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Make the comparison

/ 05:05 AM August 26, 2021

We complain: Government was too slow to respond to the COVID-19 threat, and how it’s been handled has been questioned, particularly some of the strange ad hoc decisions of the Inter-Agency Task Force for the Management of Emerging Infectious Diseases. (I’ve no idea why we need a face shield, when no one else does). The economy has been gravely set back.

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But look around. The US is riven by dissent, with its very democracy at risk from idolization of a dangerous idiot, and with thousands of needless deaths due to irresponsible Republican leaders.

In Europe, demonstrations are clogging the streets as citizens oppose the requirement of a vaccination pass or the restrictions on their freedom, as they see it. In the UK, Prime Minister Boris Johnson has been heavily criticized for his government’s unpreparedness and mismanagement during the early months of the pandemic.

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Early this year, some 100,000 people protested across Russia against the arrest of opposition leader Alexei Navalny. The Russian government responded by arresting 3,700 people. Then in April, another 1,700 protesters were jailed after participating in a large demonstration calling for the release of Navalny.

Violent demonstrations and looting erupted in South Africa in July of this year following the decision of former president Jacob Zuma to turn himself in and serve 15 months in prison for contempt of court after he refused to appear in a corruption inquiry. The death toll from the protests reached more than 300.

In Cuba, thousands rallied in July to protest the shortage of food, medicine, frequent power outages, and the government’s mismanagement of the pandemic. More than 500 Cubans were arrested following the protests.

Thousands of people in Brazil also went to the streets to protest the government’s poor response to the pandemic, including alleged corruption in the purchase of vaccines.

In Colombia, people took to the streets in April to initially protest a tax reform proposal, which has been withdrawn since by the government. The protests intensified mostly due to accounts of riot police brutality and human rights abuses that left more than 60 people dead.

Freedom of expression is under assault in Turkey. According to an estimate by the Human Rights Watch, 87 journalists and media workers are either in pretrial detention or serving sentences for terrorism offenses.

Lebanon has no government. Its currency has fallen 90 percent against the dollar. Over 50 percent are in poverty. There’s no fuel, and blackouts can be 20 hours per day for hospitals that are full. It’s in an economic crisis.

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Closer to home, Afghanistan has fallen into ruthless Islamic control as the Taliban has taken over Kabul. Hundreds will die. This is seen to stifle people’s freedom, particularly women’s rights. They will force women into a subservient role, with a huge decline in their education and freedom.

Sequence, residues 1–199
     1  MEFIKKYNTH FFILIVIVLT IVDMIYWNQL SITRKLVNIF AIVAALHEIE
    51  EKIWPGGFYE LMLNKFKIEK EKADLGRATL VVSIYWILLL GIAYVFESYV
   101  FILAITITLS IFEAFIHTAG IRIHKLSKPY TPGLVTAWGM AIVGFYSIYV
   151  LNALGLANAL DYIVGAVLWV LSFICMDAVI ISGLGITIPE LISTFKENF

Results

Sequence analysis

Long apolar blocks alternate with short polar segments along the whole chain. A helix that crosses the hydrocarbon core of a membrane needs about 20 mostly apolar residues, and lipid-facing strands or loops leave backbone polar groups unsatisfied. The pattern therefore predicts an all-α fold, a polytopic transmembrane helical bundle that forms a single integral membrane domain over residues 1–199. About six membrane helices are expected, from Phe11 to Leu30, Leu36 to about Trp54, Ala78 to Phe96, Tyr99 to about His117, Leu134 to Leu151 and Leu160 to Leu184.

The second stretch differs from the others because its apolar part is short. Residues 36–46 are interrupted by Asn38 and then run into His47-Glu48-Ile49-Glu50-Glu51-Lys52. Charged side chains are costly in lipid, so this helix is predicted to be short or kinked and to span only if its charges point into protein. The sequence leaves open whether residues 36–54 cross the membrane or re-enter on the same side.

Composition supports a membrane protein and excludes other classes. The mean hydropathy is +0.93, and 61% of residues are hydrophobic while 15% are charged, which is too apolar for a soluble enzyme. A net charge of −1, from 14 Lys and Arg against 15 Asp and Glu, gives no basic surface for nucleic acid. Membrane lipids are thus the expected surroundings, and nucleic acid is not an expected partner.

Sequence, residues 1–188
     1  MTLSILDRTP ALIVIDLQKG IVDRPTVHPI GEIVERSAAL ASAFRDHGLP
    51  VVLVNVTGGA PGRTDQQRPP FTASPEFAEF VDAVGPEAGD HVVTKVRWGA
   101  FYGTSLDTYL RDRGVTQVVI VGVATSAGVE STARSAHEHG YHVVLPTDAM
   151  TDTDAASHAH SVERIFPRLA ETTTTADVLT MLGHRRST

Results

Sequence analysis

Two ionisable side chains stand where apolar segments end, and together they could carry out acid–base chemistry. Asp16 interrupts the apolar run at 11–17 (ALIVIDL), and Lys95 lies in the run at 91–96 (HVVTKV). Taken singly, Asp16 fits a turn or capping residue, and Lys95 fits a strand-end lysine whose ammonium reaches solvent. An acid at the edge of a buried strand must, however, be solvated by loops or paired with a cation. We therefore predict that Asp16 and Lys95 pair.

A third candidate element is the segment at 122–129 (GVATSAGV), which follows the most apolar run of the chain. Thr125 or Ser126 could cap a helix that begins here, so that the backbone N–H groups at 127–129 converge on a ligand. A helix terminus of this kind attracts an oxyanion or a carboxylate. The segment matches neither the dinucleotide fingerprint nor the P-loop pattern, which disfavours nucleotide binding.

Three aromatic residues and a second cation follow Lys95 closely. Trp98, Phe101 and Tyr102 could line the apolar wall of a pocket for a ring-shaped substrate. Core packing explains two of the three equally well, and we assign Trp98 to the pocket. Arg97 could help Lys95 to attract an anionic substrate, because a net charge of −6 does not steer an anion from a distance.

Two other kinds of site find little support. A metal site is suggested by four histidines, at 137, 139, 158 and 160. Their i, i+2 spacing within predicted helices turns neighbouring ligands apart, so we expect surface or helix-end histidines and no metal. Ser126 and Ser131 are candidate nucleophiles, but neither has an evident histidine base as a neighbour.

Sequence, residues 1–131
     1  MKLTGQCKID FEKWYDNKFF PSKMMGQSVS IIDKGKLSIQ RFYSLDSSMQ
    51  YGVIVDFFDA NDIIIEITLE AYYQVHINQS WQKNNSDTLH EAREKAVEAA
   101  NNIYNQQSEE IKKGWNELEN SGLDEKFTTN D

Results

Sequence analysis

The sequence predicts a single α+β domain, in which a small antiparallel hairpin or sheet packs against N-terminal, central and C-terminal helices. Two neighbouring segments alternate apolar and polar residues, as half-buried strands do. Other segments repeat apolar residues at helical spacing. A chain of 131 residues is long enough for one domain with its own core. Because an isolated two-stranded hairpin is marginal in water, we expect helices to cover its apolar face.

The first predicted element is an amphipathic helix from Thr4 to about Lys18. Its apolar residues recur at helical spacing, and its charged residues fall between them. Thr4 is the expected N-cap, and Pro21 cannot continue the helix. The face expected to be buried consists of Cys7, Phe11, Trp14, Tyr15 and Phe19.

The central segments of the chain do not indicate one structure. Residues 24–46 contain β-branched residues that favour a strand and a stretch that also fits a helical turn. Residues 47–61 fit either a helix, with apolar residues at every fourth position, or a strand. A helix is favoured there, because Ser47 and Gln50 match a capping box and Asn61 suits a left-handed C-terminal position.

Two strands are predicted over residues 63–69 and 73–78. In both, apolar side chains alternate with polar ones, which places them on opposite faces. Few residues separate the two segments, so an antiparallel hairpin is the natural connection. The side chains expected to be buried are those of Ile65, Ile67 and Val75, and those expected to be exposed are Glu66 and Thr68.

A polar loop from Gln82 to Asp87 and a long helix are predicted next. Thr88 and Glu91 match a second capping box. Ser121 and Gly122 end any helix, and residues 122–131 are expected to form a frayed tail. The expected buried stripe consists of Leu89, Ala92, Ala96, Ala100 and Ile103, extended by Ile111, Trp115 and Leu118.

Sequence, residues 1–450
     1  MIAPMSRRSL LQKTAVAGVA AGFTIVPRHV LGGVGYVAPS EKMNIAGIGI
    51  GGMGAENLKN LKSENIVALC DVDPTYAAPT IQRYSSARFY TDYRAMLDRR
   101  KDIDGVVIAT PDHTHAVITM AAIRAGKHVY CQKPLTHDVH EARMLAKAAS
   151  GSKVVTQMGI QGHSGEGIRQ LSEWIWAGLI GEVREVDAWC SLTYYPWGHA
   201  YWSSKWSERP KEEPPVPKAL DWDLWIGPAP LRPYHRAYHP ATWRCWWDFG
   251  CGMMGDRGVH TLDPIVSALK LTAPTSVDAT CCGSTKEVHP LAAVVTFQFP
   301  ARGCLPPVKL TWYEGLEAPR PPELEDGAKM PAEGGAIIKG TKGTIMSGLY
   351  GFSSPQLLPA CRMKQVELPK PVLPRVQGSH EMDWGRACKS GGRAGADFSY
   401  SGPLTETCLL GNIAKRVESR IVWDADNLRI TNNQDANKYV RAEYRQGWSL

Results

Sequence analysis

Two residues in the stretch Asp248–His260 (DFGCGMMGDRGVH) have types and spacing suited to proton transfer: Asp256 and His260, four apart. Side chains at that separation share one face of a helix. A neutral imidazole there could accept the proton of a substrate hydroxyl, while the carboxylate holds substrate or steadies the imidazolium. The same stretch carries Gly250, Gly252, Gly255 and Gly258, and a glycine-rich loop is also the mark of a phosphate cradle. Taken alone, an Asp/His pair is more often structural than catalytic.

Thailand has been experiencing large-scale, youth-led demonstrations since last year, demanding reforms in the country’s political system and constitution. The protesters have been calling for the resignation of Prime Minister Gen. Prayuth Chan-ocha, who is also accused of mishandling the pandemic. It’s an unstable situation.

Myanmar, too, has been taken over by the armed forces. According to Human Rights Watch, police and soldiers have killed more than 1,000 people, including children, since the military takeover in February. Democracy is no more.

Malaysia is experiencing a political crisis. Its embattled Prime Minister decided to resign from office together with his Cabinet after failing to secure majority support and facing public backlash over his government’s poor COVID-19 response.

Hong Kong has lost its democratic space; it is now ruthlessly controlled by China. As of end-June, 117 people, including journalists, students, and activists, have been imprisoned under a draconian national security law.

I think you get the point. We have much to complain about; the “adhocracy” of the past year or so has been particularly disheartening. But when you look at what’s happening elsewhere, maybe we’re not so badly off. Although I’m disappointed we’ve not achieved some of the radical reforms I’d hoped for in 2016, when it comes down to it, our biggest problem is who are we going to vote for in a freely operating democracy.

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TAGS: complaints vs government, COVID-19 response, government adhocracy, Like It Is, Peter Wallace
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